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Link Finder III

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<<Link Finder II Apache Log Reader>>
# This is a version of links2 which uses the $/ variable to change the
# unit which reading reads.  The $/ variable may contain any string, and
# it is used as the line separator.  We can set it to '<' to (usually)
# avoid breaking an HTML tag.  This will fail when 
# This won't work directly on Windows because it runs lynx to fetch the
# pages.

use strict;

# Scan a URL and print all the URL's it links to.
sub scan {
    my ($url) = @_;

    # URLs that denote directories are s'posed end with a /.  We really
    # need to talk to the server and read the response headers, but this 
    # sort of guess usually works.
    if($url !~ m|/$| && $url !~ m|\.htm(l?)$|) {
        $url .= '/';

    # Do surgery on the url to extract certain parts.

    # Find the protocol://hostname part.
    $url =~ m@^([a-zA-Z]+\://[a-zA-Z\.]+)(/|$)@;
    my $prothost = $1;

    # Find the URL with the last component removed.
    my $stem = $url;
    $stem =~ s|/[^/]*$|/|;

    # This form of open runs the command and pipes its output to the
    # perl program through the file handle.  Reads from IN will return
    # a line of output from the lynx command.  This form the lynx command
    # simply fetchs the contents of a URL and prints its text to standard
    # output.  The -useragent option keeps remote sites from getting rid
    # of non-text-friendly code (which some do when you are using lynx),
    # and the 2>/dev/null is Unix shell notation which discards error messages.
    open(IN, "lynx -useragent=fred -source $url 2>/dev/null|") or return 0;

    # The $/ variable determines what character separates lines.  We'll set
    # to '>' since we're more interested in tags than lines.  We save the old
    # value of $/ and restore it later.  Good practice, though it doesn't
    # actually matter in this program.
    my $oldsl = $/;
    $/ = '>';

    # Go through each unit in the file.  Note that each unit may contain
    # multiple lines, but cannot contain more than one HTML tag.  It may
    # split a tag if a > occurs inside a tag, which can happen only if the
    # > is inside quotes.
    my $ln;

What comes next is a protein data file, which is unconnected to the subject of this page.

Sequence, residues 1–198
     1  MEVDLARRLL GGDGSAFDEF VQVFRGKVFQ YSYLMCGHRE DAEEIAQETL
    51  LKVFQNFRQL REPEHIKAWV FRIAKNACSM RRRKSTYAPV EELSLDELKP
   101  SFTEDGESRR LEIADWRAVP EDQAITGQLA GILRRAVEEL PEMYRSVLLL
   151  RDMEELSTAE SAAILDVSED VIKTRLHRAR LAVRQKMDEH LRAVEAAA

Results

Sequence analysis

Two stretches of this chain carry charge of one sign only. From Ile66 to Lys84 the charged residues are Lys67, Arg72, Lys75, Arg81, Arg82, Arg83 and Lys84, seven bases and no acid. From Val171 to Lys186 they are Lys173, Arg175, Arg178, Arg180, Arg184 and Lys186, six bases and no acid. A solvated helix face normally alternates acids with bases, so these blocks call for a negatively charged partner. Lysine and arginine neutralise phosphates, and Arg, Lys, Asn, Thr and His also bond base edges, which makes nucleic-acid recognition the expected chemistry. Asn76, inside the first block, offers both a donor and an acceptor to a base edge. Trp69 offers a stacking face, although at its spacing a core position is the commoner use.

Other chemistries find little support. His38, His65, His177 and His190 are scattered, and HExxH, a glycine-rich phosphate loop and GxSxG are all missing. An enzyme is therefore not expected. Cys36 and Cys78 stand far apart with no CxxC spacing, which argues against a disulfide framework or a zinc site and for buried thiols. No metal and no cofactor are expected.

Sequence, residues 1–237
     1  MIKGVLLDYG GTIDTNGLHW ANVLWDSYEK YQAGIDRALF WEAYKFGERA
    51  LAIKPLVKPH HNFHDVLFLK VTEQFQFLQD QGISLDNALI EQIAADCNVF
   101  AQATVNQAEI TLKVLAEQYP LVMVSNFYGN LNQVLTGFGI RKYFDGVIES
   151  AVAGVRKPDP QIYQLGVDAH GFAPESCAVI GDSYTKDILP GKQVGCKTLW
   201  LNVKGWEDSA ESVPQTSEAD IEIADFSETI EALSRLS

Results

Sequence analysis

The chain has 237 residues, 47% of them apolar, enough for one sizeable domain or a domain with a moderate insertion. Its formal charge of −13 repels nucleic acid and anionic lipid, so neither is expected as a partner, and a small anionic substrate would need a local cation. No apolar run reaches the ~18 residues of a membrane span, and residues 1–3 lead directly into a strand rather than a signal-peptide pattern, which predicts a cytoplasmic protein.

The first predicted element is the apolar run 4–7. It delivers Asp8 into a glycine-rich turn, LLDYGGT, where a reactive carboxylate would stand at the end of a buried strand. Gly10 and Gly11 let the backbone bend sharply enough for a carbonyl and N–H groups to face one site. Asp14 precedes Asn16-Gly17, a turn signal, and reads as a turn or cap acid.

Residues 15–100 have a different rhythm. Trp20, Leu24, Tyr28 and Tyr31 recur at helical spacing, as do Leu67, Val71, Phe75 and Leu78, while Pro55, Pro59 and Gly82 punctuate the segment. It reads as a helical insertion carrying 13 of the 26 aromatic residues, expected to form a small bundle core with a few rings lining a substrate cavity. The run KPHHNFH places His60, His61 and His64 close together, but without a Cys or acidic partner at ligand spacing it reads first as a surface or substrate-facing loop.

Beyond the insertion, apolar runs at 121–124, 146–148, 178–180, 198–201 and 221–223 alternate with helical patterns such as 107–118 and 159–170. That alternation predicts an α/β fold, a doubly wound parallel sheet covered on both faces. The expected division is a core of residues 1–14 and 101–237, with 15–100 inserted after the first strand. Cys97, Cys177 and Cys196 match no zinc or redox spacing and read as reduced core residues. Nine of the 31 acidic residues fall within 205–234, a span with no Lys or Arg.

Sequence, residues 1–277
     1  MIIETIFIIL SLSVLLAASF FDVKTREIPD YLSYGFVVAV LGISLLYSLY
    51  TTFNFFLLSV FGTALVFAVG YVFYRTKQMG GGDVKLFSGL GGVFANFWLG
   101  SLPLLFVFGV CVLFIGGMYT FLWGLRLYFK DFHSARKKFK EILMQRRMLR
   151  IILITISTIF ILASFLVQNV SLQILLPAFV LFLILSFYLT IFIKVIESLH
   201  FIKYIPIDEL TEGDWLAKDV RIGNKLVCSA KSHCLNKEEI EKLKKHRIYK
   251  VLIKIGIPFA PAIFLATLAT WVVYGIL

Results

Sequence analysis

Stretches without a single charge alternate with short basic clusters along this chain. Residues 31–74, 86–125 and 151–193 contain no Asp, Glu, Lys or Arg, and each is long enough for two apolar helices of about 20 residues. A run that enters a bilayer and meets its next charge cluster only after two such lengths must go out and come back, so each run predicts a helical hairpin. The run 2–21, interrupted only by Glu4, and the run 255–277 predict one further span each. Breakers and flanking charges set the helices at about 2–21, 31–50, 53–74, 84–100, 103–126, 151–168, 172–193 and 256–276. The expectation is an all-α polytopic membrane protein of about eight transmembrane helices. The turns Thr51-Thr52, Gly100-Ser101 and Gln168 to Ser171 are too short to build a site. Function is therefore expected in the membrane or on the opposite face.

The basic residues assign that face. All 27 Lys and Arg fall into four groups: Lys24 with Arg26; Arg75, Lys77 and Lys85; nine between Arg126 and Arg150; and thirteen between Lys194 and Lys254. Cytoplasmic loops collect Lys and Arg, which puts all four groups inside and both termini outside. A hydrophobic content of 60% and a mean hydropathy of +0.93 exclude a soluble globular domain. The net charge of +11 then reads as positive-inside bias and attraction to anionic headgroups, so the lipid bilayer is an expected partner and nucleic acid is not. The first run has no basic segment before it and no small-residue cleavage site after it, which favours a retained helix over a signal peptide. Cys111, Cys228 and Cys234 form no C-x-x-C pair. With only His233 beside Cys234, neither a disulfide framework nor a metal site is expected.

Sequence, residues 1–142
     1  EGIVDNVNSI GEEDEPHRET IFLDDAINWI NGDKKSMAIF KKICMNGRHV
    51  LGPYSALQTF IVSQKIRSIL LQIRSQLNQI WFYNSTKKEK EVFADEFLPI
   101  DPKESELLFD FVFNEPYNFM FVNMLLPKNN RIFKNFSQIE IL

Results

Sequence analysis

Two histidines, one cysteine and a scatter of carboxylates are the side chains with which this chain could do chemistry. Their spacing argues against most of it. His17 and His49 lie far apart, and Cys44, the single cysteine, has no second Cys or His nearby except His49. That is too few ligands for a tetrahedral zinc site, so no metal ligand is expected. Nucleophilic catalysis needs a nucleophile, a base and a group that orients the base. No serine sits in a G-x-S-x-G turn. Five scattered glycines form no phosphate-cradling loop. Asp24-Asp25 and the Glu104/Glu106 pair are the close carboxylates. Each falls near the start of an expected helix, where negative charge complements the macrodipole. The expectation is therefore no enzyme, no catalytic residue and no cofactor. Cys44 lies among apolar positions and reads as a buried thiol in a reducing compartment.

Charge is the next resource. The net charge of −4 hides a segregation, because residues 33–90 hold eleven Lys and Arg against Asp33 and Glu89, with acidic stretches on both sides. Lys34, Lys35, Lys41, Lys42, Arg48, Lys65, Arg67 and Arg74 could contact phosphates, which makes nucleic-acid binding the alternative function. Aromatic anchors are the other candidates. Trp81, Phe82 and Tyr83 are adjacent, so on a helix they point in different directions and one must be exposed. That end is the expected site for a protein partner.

while($ln = <IN>) {
        # Throw away through the first < and spaces.
        $ln =~ s/^[^\<]*\<\s*//;

        # On the off chance that someone put a > in quotes, check for
        # balance.  The horrid pattern checks for a string containing an
        # odd number of quotes.  If we find one, we simply read another
        # unit, tack in on, and use perl redo to repeat the loop w/o
        # running the test (and clobbering $ln).  However, if you say
        # while(my $ln = <IN>) in the loop test, the redo loses the value
        # of $ln, because it gets reallocated.
        if($ln =~ /^[^"]*("[^"]*")*[^"]*"[^"]*$/) {
            my $more = <IN> or last;
            $ln .= $more;

        # Extract the URL from the A tag.  This pattern is different
        # from the others since it also deals with > in quotes.  (Now,
        # how often will that happen?)
        $ln =~ s/^A\s+([^>]|"[^"]*")*HREF\s*\=\s*"([^"]+)"//i or next;
        my $ref = $2;

        # Make the reference absolute.
        if($ref =~ m|^[a-zA-Z]*\://|) {
            # Already absolute.
        } elsif($ref =~ m|^/|) {
            # Relative to host.
            $ref = "$prothost$ref";
        } else {
            # Relative to page location.
            $ref = "$stem$ref";

        print "   $ref\n";

    close IN;
    $/ = $oldsl;
    return 1;

# Process each command-line argument as a file.
while(my $fn = shift @ARGV) {
    print "$fn:\n";
    if(!scan($fn)) { print "[Download $fn failed: $!]\n"; }
<<Link Finder II Apache Log Reader>>